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Cold and Wet, But Fun
NIH'er Pedals Across Alaska for a Cause

By Rich McManus

On the Front Page...

Even though he is back at work now as an entomologist in the Division of Safety, Trevor Lubbert is not completely done yet with the 500-mile Alaska AIDS Vaccine Ride, a bike tour he took Aug. 21-26, stretching from Fairbanks to downtown Anchorage. That's because he still owes thank-you notes to the many donors — including some here at NIH — who pledged a total of $4,300 to his effort, and because, as the father of a young girl, he is fearful of a world in which a killer virus goes unchecked. And quite frankly, it's also because he isn't done shivering yet at memories of a cold, wet ride marred by almost daily rainfall, prying winds and the unthinkable — especially for a native of Maryland — onset of winter in mid-August.

Continued...

"It was the only time in my life that I prayed for more hills around the next bend," he said. "It was so cold, the only way to stay warm was to really push it."

Trevor Lubbert bikes Alaska.

A fitness enthusiast who runs and cycles regularly in Rock Creek Park, which abuts his neighborhood, Lubbert found out about the ride from friends, some of whom signed on for the tour with him as part of a D.C.-area entourage known as Team D.C.— The Filibusters. "I went for three reasons: first, I wanted to go to Alaska. Second, I love to cycle. And third, it's a great cause. It was a one, two, three punch for me — a no-brainer," he said.

Funds from the ride, which exceeded its goal of $3.8 million by some $300,000, are earmarked for three respected vaccine teams at academic medical centers in the United States. Each of the 1,500 riders who participated in the Alaska ride had to raise a minimum of $3,900. Lubbert tapped a wide network of friends, family and acquaintances with a touching letter noting the devastation wrought by AIDS. Though he hasn't known anyone who suffers from the disease, he nonetheless felt compelled to act.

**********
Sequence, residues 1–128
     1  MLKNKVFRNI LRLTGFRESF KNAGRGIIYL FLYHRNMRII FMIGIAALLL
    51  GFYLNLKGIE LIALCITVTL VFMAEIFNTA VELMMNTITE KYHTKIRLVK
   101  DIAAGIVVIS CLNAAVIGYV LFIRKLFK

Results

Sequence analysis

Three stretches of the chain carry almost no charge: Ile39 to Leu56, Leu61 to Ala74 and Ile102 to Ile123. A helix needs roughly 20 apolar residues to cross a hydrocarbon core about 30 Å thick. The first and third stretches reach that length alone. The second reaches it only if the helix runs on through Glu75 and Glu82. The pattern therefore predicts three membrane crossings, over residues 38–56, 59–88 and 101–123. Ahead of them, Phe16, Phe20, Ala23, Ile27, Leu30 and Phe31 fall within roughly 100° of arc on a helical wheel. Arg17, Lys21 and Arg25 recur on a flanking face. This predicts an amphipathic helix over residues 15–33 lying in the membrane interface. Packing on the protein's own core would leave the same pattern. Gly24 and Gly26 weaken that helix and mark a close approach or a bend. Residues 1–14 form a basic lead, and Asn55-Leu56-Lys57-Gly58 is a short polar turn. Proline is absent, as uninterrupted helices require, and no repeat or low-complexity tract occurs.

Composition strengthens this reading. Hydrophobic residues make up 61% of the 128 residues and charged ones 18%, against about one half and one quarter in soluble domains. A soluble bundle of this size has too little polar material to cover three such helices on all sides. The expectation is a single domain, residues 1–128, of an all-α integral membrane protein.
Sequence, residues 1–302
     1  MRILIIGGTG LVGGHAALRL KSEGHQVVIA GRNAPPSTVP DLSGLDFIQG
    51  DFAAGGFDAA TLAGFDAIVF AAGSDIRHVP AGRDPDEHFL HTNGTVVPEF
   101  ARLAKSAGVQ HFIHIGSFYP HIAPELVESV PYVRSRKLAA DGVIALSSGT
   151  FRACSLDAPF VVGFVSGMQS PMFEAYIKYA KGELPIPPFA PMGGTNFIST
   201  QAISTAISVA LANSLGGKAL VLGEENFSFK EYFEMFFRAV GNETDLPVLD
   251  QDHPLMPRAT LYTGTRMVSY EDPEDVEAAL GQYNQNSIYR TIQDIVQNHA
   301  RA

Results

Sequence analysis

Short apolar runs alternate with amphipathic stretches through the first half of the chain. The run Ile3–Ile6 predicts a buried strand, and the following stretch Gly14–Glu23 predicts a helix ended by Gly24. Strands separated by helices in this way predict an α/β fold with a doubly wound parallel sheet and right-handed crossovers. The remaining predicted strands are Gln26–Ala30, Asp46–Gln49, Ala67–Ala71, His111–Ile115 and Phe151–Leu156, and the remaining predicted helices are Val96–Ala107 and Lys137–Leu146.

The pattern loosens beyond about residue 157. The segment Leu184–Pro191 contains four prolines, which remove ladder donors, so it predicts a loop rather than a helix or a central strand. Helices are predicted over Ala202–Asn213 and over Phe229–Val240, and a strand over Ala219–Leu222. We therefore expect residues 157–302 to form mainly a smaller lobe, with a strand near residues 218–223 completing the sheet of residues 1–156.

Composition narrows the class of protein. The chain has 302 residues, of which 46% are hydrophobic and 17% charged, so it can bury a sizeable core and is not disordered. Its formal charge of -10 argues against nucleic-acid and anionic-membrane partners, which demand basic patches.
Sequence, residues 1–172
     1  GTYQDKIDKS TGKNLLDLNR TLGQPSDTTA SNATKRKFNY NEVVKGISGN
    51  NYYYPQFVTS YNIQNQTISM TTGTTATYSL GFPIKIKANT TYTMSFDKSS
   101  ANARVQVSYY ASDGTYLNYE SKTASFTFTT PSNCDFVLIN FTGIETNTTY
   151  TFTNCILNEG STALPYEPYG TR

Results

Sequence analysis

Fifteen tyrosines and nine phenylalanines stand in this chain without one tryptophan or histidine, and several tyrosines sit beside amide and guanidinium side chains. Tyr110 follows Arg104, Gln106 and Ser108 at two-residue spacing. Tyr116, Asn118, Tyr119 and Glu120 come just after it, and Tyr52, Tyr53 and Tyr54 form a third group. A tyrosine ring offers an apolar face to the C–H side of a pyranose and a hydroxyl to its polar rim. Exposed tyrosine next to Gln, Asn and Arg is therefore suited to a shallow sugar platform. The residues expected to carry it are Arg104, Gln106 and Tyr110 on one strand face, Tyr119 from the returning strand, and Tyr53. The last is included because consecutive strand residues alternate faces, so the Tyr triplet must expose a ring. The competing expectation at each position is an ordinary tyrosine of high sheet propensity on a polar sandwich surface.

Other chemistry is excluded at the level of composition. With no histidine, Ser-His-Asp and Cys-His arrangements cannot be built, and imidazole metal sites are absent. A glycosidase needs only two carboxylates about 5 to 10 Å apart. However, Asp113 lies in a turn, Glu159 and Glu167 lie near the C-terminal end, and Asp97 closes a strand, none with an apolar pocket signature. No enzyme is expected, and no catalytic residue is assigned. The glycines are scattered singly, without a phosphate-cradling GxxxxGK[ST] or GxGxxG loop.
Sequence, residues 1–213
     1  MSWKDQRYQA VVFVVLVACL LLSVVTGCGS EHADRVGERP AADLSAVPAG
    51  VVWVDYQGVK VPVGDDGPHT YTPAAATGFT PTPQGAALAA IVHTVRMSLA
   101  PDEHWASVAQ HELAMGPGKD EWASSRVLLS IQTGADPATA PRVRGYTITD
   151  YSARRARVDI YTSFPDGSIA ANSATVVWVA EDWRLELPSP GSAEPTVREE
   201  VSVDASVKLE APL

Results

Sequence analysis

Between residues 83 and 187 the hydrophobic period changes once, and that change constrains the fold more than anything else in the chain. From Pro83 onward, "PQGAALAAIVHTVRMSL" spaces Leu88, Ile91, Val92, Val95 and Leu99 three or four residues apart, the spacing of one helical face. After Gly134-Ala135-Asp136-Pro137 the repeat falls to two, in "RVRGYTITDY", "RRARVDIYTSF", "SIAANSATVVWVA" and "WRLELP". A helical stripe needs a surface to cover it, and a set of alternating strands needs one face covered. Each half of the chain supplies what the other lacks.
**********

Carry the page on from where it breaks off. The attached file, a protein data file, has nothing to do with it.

"We all have children, and we can only control their activities to a certain point," he said. "This disease is wiping out everyone in Africa. It's horrendous. Something needs to be done now. This is my part — it's what I can do."

Riding a 14-speed Raleigh Team road bike he built 6 years ago, Lubbert trained hard only in the 3 weeks prior to the event; daily 40-mile rides augmented by a 70-miler on the weekends. "Time in the saddle," he nodded. "That was the main issue."

It was so cold on the journey that Lubbert and his fellow riders remained swathed in foul-weather gear on most days.

Once in Alaska, participants' days were regimented as the riders formed a rolling bivouac — a "Tent City," Lubbert said — every 70 to 90 miles, mainly via major highways. It rained every day but one, but also snowed and sleeted. Riders sheathed themselves in Mylar before donning layers of clothing, including ponchos that made them look like mobile Hefty bags. On the hardest day, day 2, only 200 of the 1,500 riders finished the 70-mile course; some suffered mild frostbite and hypothermia. Lubbert was among the 200 who completed every mile of the whole journey.

With logistics managed by a professional tour company of some 500 crewmembers who transported luggage, tents, chow trucks and portable showers, all the riders had to do was make miles under mostly miserable conditions, but Lubbert and his friends found the fun in it.

"The theme of the ride was kindness, and that's what you felt, even when you were tired and wet. All the people were just outstanding, and very helpful to one another. The first ones to finish the course would help the others set up their tents," he recalls.

Lubbert plans more rides in support of AIDS vaccine research studies.

One unexpected challenge, he said, concerned the difficulty of finding your way back — in a sea of identical tents — in the wee hours after a trip to the restroom. "If you didn't leave some kind of marker on the roof of the tent, it was hopeless to find the right one."

Despite sundry hardships, Lubbert plans to ride again for the benefit of medical research; he intends to register for the North Carolina-to-D.C. AIDS Ride next year, and also wants to do another AIDS vaccine ride ("It's what they call a 'vac-to-vac' ride," he quipped) from Montreal to Maine. "I haven't gotten to see that part of the world yet," he says.

Lubbert said he "hasn't yet tallied all I spent personally on the ride," but one senses that his bookkeeping won't keep him up nights. The Alaska trip, he concludes, "was a great experience all the way around. I will never forget it. It was quite a personal challenge."


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